A Hooligan's Game for Gentlemen 

Rugby is pushing its way into the mainstream sports arena as more young athletes are choosing the underground game over American pastimes.

Big hit, Cameron Kahangi thinks. Big hit.

A wall forms behind the nineteen-year-old hooker. Each player interlocks his arms and legs with those of his brethren, shoulders bracing, knees on the ground. The other team does the same.

"Engage!" shouts the referee.

The two sides collide, letting out a deep grunt that echoes off the ground. They push harder, dig deeper, until the ball enters the huddle, known as a "scrum." Kahangi kicks the ball back to the scrum-half, a player who is waiting at the back of the formation. The scrum breaks and the defense spreads itself across the field, waiting for the next forward movement, or "phase."

The men of the Diablo Valley Rugby Club's Olde Gaels devote every weekend of the spring to a sport that roughs up their bodies but offers little in the way of appreciation. They have no hopes for scholarships, and even at the collegiate level they will receive no recognition as NCAA athletes. But rugby is not without its rewards. "This game gets under your skin," said head coach Harry Batten. Most players plan on playing as long as their bodies hold up.

After the game all but evaporated in the United States following the 1924 Olympics, it remained underground, kept alive by just a few dozen men's clubs in California and the Northeast. Now the Olde Gaels are one of but a thousand men's clubs around the country. And despite having to overcome neglect, insufficient resources, and the absence of concrete incentives, more and more kids are starting to choose the game over other American sports. This year, ESPN broadcast collegiate matches and NBC featured national games.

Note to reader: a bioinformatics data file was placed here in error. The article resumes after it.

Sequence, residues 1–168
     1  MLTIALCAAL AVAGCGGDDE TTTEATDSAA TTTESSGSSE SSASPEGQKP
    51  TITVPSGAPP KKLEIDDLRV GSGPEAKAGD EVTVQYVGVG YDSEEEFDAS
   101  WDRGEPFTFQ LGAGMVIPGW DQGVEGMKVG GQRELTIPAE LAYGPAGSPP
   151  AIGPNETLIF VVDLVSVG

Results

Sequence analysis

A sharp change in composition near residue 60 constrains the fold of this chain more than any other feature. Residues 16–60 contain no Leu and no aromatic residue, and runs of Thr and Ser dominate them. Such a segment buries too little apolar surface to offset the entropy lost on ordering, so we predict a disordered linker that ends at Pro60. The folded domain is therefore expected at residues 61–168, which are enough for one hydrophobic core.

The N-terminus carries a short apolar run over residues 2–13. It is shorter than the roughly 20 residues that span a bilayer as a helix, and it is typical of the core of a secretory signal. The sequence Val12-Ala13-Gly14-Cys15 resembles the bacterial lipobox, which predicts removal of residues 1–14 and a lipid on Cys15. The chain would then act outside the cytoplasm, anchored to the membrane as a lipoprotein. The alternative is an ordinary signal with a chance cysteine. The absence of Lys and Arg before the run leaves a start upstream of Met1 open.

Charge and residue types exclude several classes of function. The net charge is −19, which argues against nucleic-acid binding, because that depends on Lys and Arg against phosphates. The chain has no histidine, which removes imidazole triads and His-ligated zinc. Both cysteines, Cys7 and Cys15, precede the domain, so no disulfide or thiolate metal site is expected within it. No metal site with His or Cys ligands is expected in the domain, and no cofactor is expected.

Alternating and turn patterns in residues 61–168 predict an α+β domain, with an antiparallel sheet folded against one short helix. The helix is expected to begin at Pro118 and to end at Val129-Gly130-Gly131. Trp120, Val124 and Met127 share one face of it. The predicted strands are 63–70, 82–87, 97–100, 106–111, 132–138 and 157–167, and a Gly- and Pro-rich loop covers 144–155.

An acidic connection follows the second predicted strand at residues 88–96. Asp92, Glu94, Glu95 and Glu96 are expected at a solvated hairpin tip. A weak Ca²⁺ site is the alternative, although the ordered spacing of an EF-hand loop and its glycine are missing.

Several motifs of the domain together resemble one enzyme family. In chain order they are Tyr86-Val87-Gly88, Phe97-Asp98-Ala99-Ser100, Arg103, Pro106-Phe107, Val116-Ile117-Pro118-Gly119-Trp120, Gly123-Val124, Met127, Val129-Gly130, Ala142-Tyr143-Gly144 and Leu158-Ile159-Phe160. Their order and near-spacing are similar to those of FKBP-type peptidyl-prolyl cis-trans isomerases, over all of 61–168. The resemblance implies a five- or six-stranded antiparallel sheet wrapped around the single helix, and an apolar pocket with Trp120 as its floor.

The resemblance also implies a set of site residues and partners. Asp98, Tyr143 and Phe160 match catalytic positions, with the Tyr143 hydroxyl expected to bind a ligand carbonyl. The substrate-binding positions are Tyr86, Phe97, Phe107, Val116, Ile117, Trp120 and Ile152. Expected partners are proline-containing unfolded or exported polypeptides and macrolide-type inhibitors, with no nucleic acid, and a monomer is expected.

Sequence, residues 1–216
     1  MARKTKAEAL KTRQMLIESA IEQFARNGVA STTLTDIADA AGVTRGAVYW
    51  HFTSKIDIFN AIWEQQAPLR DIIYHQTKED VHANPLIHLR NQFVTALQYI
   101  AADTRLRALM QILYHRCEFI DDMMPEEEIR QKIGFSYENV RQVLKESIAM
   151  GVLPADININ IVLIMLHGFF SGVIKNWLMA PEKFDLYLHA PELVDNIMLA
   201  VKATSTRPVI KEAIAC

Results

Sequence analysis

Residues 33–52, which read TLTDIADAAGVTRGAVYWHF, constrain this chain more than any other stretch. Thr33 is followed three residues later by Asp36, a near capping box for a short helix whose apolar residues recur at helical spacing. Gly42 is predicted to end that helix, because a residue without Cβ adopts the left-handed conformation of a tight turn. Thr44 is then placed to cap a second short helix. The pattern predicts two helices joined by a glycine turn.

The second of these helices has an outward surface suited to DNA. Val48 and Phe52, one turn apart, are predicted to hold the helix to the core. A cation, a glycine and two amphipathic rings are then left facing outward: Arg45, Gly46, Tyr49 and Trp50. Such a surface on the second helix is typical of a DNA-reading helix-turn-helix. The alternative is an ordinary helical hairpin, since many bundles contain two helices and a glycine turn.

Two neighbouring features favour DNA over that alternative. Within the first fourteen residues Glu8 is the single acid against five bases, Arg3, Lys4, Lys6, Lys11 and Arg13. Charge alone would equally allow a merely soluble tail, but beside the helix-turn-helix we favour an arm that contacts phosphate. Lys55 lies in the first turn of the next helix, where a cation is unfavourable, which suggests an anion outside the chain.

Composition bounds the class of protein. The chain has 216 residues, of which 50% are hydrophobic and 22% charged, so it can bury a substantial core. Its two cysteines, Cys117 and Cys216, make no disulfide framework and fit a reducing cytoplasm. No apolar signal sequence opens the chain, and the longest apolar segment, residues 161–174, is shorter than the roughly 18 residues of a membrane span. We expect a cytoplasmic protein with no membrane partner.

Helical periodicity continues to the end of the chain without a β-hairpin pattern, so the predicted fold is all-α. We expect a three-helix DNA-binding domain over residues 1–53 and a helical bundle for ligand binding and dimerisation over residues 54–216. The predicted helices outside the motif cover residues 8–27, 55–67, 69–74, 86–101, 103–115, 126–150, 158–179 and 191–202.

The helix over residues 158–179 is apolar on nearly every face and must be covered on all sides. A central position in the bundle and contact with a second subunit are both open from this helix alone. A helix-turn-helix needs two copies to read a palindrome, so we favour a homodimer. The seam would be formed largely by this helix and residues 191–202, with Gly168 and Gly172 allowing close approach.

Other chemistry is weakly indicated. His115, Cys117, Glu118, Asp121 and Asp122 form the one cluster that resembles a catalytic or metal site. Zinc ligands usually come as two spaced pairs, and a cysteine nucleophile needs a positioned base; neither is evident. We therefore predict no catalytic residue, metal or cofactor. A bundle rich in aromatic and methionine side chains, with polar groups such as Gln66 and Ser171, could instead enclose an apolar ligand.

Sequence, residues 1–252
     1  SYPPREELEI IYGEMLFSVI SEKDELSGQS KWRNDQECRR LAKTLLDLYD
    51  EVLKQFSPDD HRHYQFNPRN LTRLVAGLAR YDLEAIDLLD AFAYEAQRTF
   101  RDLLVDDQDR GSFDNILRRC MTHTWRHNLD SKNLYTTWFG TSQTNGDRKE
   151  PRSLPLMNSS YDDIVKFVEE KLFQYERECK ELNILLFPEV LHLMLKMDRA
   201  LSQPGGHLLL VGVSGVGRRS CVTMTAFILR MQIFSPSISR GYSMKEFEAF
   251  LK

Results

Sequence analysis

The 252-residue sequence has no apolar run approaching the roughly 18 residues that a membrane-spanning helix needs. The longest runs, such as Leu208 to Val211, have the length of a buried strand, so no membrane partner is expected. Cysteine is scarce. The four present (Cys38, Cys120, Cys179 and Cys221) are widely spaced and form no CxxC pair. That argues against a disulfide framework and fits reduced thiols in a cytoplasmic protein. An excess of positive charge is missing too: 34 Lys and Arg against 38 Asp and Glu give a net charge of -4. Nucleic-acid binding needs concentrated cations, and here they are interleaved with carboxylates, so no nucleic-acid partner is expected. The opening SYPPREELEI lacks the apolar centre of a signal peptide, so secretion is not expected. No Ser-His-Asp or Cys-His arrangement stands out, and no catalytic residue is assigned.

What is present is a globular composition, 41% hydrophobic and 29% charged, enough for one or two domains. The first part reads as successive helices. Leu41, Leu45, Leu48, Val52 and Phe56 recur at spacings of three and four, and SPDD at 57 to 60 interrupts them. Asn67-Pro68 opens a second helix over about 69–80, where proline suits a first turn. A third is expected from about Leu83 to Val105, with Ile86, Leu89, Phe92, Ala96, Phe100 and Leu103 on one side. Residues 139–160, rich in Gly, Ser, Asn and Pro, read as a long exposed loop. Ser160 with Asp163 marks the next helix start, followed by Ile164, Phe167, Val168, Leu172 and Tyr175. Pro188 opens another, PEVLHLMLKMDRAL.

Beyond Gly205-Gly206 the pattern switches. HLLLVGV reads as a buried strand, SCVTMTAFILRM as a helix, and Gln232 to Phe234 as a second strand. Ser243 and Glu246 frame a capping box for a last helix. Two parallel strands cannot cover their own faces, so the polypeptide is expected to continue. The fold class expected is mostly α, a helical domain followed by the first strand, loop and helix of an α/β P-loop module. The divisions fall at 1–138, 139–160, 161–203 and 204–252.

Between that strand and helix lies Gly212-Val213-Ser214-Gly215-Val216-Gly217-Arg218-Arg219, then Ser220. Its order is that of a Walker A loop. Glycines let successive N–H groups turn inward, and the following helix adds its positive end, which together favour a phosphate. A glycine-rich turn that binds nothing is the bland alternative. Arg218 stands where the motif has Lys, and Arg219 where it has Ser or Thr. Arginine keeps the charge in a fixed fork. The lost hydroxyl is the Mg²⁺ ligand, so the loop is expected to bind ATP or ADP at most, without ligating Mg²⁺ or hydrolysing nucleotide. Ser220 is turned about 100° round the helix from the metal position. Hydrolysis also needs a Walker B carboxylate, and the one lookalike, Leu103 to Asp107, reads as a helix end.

The Olde Gaels contrast themselves with football and soccer players they view as egomaniacal. As proof of their sport's superiority, they point to its continuous action, the flexibility to play both offense and defense, and the gentlemanly aspects of the game. After all, when the match ends, rivals shake hands and share beers, the violence a distant memory.

Kahangi and his teammate Danny Corbett are fond of the old saying "Soccer is a gentlemen's sport for hooligans. Rugby is a hooligan's sport for gentlemen."

History seems to bear them out. Rugby has always been an upper-middle-class sport played primarily by those who could afford the best education. The hooligan's game favored by gentlemen started where many gentlemen also get their start — on the playing fields of boarding schools in England. During the 1830s, high-school boys brought the game to Oxford and Cambridge and started challenging other universities to compete against them.

Rugby arrived on American soil in 1874 through the collegiate system, when McGill University took their English expats down to Harvard. The Boston players were accustomed to a simple carrying game, but they were soon enthralled by a version that was both faster and continuous. Each time a Canadian ball carrier was tackled and fell to the ground, he pushed the ball to the back of the pile, where a teammate was waiting to pick it up and throw it laterally to an adjacent player. The ball moved up the field that way: lateral passes, forward movement, and, eventually, if the scheme proved successful, a final down in the end zone. Harvard adopted this method of nonstop, physically demanding play and taught it to their rivals, such as Yale. Other universities soon picked it up.